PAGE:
Belt and Road Forum

Projects span rail, ports, industrial parks

In Pakistan, a trade route was inaugurated last November to link its Gwadar port (above) with Kashgar, a city in China's north-western Xinjiang region.
In Pakistan, a trade route was inaugurated last November to link its Gwadar port (above) with Kashgar, a city in China's north-western Xinjiang region.PHOTO: REUTERS

BEIJING • China's Belt and Road initiative spans some 65 countries representing 60 per cent of the global population and around a third of global gross domestic product (GDP).

The China Development Bank alone has earmarked US$890 billion (S$1.2 trillion) for some 900 projects.

Here are some projects involving a land "belt" and a sea "road" that link China to countries in Asia, Europe and Africa:

TRAINS

• The China-Europe Railway Express includes 51 rail links connecting 27 Chinese and 28 European cities, with freight trains that offer shorter transport time than sea routes.

  • 65

    Number of countries the Belt and Road initiative involves

    900

    Number of projects the China Development Bank is supporting with some $1.2 trillion

 
 
 
 

• A planned 418km rail line between the Asian giant and Laos is aimed at becoming the first overseas route that connects with the vast rail system in China.

• An 873km high-speed railway project between China and Thailand will link the Chinese border to Thailand's ports. It will transform south-western Yunnan province into a trading hub that exports China's goods to South-east Asia.

• Nepal is in talks with China to build a cross-border rail link that may cost up to US$8 billion, with funding expected after the Himalayan country signs up formally for the Belt and Road plan. The proposed 550km railway would connect China's western Tibet region to Nepal's capital of Kathmandu.

• In Africa, the initiative will include a 471km railway between Kenya's capital, Nairobi, and its port of Mombasa on the Indian Ocean coast. The railway is expected to carry 25 million tonnes of cargo per year.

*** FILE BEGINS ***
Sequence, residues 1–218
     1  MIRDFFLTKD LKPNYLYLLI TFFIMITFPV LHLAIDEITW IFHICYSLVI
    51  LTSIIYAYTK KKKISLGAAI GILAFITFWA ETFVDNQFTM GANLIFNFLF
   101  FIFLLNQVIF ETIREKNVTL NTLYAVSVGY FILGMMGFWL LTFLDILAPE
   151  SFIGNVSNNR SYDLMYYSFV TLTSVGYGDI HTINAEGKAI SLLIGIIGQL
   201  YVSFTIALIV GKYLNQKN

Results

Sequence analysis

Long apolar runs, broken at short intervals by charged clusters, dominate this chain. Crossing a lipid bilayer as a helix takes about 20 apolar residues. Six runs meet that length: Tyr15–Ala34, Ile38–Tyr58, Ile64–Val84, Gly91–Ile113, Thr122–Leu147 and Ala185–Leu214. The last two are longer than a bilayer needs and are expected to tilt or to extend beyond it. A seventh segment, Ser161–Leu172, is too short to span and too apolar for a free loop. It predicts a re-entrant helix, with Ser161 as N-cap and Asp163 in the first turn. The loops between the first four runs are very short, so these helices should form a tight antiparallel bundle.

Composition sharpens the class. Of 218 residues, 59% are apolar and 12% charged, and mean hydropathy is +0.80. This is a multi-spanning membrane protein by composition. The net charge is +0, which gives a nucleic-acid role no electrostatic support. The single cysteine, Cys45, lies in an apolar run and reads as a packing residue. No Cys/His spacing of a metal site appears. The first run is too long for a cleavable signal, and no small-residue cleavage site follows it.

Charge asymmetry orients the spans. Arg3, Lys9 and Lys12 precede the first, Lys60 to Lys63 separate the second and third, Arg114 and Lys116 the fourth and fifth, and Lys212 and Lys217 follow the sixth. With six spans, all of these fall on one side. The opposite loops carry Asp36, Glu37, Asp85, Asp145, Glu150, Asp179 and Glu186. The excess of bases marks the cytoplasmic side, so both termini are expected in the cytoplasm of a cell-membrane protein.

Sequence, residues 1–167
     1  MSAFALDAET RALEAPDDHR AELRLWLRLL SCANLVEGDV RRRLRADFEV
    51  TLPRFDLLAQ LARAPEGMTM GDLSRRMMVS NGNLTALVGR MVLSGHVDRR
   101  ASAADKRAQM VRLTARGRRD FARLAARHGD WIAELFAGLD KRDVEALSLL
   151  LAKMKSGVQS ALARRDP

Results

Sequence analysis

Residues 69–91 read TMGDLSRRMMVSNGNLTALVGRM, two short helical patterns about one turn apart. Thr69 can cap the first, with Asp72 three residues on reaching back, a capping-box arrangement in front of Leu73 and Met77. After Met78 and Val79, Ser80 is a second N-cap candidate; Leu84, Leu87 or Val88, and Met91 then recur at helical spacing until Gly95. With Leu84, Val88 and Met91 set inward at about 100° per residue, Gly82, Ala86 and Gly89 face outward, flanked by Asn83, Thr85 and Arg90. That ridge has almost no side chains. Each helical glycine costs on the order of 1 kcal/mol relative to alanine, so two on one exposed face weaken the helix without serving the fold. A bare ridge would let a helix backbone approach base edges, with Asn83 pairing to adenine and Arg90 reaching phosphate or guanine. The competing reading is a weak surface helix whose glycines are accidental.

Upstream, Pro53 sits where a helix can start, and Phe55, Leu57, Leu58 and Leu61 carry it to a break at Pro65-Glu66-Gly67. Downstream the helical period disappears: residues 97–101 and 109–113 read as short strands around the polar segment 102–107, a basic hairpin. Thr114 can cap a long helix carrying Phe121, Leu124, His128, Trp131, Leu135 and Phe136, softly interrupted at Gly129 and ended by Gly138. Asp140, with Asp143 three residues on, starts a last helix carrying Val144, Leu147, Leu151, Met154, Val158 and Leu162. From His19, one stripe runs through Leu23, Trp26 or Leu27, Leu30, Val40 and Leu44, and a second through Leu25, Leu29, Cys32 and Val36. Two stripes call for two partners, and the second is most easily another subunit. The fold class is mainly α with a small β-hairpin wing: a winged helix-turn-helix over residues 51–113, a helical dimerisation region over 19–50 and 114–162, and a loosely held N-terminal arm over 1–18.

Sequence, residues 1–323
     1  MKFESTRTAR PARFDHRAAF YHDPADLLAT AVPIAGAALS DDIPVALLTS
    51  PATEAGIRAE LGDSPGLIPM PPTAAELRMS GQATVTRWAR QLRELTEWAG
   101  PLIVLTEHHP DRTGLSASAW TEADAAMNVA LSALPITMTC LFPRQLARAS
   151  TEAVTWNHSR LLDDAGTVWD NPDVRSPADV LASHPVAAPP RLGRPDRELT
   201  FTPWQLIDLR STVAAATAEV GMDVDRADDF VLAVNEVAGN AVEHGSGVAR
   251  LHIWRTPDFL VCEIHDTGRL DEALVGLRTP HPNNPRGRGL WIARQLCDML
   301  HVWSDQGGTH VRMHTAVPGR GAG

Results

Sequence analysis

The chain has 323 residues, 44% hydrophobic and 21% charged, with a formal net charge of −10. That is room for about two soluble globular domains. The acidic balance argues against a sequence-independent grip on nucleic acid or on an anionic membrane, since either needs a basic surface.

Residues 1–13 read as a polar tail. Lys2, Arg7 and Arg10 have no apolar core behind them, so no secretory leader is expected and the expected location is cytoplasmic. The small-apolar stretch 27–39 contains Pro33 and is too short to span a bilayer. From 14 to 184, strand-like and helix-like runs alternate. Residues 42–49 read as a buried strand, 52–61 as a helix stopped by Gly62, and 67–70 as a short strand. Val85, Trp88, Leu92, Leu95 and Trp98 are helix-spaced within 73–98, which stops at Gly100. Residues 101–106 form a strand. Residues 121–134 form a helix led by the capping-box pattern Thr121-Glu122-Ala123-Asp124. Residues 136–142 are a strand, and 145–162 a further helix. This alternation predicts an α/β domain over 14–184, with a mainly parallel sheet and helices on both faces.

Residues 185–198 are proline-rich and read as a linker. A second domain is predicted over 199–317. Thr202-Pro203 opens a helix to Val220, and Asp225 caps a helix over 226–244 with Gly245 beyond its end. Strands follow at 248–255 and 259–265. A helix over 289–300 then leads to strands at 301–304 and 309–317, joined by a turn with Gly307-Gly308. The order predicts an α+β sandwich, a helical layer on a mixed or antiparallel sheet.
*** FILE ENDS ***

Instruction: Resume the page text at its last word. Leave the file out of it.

SEA PORTS

• Three state-owned Chinese enterprises have bought Turkey's third-largest port, Kumport, which is considered an important joint between the "belt" and the "road".

• In Pakistan, a controversial trade route was inaugurated last November to link its Gwadar port, on the Arabian Sea, with Kashgar, a city in China's north-western Xinjiang region.

The economic corridor has alarmed India because it cuts through disputed territory in Kashmir that New Delhi claims is illegally occupied. The port will provide China with safer and more direct access to the oil-rich Middle East than the sea trade route it currently uses through the Malacca Strait.

Central to the project in Pakistan is the renovation of a 487km road that is part of China's only land passage to the Middle East.

INDUSTRIAL PARKS

• China and Malaysia are building an industrial park in Kuantan, Malaysia, for steel, aluminium and palm oil processing

• In eastern Europe, ground was broken in July 2014 in Minsk for a China-Belarus industrial park for high-tech businesses, the largest one built by the Asian country overseas.

AGENCE FRANCE-PRESSE, REUTERS

A version of this article appeared in the print edition of The Straits Times on May 15, 2017, with the headline 'Projects span rail, ports, industrial parks'. Print Edition | Subscribe